Posts Tagged ‘modern slavery’

Support the Georgia Prison Strike!

The Richmond Anarchist Black Cross wants to acknowledge and support the strike that prisoners in the Georgia prison system have been engaging  in since Thursday, Dec. 9th. Thousands of prisoners have refused to leave their cells to work in their prison jobs.

Though the prisoners have been engaged in this struggle non-violently, the Georgia Department of Corrections has attempted to force prisoners to go back to work using threats and violence to intimidate prisoners into capitulation.

This strike is the largest Prison Strike in the history of the United States of America, which has more people incarcerated than any other country. The strike has been organized despite the oppressive conditions within the Georgia prison system, which speaks to the dedication and passion of the striking prisoners.

The demands of the prisoners in Georgia are things that all human beings have a right to. The conditions in prisons across this country are reprehensible.

The demands from the prisoners on strike in Georgia are the following:

  • A LIVING WAGE FOR WORK
  • EDUCATIONAL OPPORTUNITIES
  • DECENT HEALTH CARE
  • AN END TO CRUEL AND UNUSUAL PUNISHMENTS
  • DECENT LIVING CONDITIONS
  • NUTRITIONAL MEALS
  • VOCATIONAL AND SELF-IMPROVEMENT OPPORTUNITIES
  • ACCESS TO FAMILIES
  • JUST PAROLE DECISIONS

These demands reflect the situation in prisons across the country, including those here in Virginia. The Prison Industrial Complex in the U.S.A. is simply the new slave system. Prisoners are forced to work for little or no money in bad conditions, with few rights or opportunities for recourse. (more…)

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October is a month with a lot of significance in regards to the issues of race, racism, white privilege, etc. This event (which has location TBA, so stay tuned) is just a part of the many events and commemorations happening in October. If you don’t know about who Gabriel was, or what the deal is with the burial ground that VCU has paved over, make it out to hear people talk about what is going on with these issues in Richmond.

Sunday, October 10 · 6:00pm – 8:30pm

Location To be confirmed

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It’s about time to come together and have a community discussion about the progress on reclamaing Richmond’s African Burial Ground. Following the success of the documentary, Meet Me In The Bottom: The Struggle to Reclaim Richmond’s African Burial Ground, more and more individuals and organizations are stepping forward to declare their support for this effort. Local, state, public and private interests have been meeting and makin…g plans for this site and others in Shockoe Bottom without a way to hear from the community. The Future of Richmond’s Past and the Sesquicentennial of the Civil War and the End of Slavery are creating unprecendented opportunities for public discourse on difficult topics. Who is telling what histories? To what purpose? Let’s come together and provide some feedback, some ideas for addressing the struggle for the Burial Ground and similar challenges facing Richmonders and Virginians every day. What would Gabriel do? SAVE THE DATE and plan to attend on October 10, 2010 at 6pm.See More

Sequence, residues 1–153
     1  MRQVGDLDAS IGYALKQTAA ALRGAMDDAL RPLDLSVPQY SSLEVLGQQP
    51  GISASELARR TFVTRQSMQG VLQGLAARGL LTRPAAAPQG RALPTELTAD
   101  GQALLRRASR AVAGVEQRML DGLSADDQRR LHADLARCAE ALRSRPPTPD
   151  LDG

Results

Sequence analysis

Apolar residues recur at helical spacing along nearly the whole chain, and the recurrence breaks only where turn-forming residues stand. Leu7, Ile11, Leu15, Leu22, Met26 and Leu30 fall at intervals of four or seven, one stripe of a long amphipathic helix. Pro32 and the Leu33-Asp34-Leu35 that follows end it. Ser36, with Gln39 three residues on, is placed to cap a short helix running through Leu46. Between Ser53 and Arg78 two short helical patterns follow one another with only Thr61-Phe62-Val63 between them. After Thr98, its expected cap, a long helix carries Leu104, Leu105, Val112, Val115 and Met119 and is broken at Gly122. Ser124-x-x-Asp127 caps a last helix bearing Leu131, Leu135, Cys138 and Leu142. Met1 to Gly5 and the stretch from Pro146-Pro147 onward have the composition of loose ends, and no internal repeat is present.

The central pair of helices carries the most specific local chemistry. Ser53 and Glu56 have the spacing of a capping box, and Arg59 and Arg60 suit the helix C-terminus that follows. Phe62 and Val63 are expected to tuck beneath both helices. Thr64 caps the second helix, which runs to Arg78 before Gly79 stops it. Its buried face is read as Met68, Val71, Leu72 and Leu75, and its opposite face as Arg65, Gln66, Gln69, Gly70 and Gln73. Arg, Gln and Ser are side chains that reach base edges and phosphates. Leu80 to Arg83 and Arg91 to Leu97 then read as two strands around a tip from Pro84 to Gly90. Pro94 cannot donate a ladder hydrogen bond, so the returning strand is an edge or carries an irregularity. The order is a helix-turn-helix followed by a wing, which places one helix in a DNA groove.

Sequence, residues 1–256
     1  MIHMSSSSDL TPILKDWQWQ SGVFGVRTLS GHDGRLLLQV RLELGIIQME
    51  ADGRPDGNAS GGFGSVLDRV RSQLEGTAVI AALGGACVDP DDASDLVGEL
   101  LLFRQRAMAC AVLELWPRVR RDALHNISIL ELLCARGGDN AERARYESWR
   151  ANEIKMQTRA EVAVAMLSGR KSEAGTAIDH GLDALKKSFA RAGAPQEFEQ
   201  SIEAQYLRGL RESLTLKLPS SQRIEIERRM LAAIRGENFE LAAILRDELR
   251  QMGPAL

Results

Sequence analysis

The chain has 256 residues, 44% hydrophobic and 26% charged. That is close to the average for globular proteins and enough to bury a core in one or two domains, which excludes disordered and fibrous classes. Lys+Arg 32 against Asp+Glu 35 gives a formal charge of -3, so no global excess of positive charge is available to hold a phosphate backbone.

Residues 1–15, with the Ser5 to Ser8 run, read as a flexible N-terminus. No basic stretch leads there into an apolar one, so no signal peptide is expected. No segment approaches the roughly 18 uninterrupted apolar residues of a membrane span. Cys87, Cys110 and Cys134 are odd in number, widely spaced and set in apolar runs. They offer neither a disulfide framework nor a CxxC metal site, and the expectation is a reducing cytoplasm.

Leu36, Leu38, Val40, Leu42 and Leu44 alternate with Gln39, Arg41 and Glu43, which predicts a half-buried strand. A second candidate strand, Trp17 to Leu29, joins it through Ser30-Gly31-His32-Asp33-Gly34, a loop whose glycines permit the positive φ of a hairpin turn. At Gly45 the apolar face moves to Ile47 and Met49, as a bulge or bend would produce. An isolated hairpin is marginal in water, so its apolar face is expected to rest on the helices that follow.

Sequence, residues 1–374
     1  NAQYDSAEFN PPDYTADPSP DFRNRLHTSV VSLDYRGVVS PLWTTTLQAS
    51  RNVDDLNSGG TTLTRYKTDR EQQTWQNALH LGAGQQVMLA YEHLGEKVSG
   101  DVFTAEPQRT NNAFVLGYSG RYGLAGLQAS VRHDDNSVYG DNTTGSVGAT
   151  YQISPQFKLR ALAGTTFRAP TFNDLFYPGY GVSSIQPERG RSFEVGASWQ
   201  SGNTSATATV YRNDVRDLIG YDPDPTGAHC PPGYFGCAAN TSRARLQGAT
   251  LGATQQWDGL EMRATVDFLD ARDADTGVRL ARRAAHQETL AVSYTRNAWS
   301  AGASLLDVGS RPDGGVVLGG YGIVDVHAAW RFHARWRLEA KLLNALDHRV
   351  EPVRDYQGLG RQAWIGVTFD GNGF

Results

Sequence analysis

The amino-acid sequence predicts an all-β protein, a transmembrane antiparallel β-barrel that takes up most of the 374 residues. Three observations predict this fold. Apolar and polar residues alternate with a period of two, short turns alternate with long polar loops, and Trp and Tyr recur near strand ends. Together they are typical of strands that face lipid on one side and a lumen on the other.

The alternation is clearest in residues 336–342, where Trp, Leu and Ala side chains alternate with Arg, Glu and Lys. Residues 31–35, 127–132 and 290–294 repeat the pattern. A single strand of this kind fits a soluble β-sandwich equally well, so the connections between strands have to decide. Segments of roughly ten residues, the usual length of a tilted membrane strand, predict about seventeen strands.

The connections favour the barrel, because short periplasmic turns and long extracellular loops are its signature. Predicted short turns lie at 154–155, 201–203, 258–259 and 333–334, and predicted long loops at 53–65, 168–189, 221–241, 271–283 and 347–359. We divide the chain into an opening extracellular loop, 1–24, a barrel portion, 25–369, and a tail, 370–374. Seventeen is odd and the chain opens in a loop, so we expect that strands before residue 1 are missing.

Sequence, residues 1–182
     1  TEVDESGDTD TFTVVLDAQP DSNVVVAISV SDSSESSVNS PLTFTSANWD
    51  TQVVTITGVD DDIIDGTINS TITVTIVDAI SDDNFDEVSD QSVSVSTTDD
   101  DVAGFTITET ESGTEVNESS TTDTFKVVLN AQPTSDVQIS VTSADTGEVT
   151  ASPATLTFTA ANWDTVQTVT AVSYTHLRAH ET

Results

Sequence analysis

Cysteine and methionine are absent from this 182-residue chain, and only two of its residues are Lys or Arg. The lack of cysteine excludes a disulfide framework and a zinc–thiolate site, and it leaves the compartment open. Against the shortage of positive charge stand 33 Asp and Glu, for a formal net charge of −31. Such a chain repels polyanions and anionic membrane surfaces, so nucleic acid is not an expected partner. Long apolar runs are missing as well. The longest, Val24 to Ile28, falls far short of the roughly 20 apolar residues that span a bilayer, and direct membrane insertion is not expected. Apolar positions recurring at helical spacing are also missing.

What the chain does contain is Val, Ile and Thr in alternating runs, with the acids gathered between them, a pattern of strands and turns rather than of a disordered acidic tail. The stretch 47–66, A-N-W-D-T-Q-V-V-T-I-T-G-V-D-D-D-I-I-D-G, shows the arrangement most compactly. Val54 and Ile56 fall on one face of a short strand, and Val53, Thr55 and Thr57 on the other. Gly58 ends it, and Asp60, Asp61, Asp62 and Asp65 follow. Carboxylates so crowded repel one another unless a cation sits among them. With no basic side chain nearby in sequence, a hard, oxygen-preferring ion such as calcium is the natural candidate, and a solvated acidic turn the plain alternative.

As part of May in Memory of people killed by cops and the state, the Wingnut and the Richmond Anarchist Black Cross is showing films each Monday about the police state, state oppression, COINTELPRO, and the Prison System.

So come on out to watch this film and talk about it too, if you want. Bring snacks if you have some, the WIngnut is a sober space.

The Angola 3: Black Panthers and the Last Slave Plantation is an interesting documentary that brings up issues about both the persecution of the Black Panthers as well as the Prison Industrial Complex, race, and more.

This DVD tells the gripping story of Robert King Wilkerson, Herman Wallace and Albert Woodfox, men who have endured solitary confinement longer than any known living prisoner in the United States. Politicized through contact with the Black Panther Party while inside Louisiana’s prisons, they formed one of the only prison Panther chapters in history and worked to organize other prisoners into a movement for the right to live like human beings. This feature length documentary explores their extraordinary struggle for justice while incarcerated in Angola, a former slave plantation where institutionalized rape and murder made it known as one of the most brutal and racist prisons in the US. The analysis of the Angola 3’s political work, and the criminal cases used to isolate and silence them, occurs within the context of the widespread COINTELPRO being carried out in the 1960s and 70s by the FBI and state law enforcement against militant voices for change.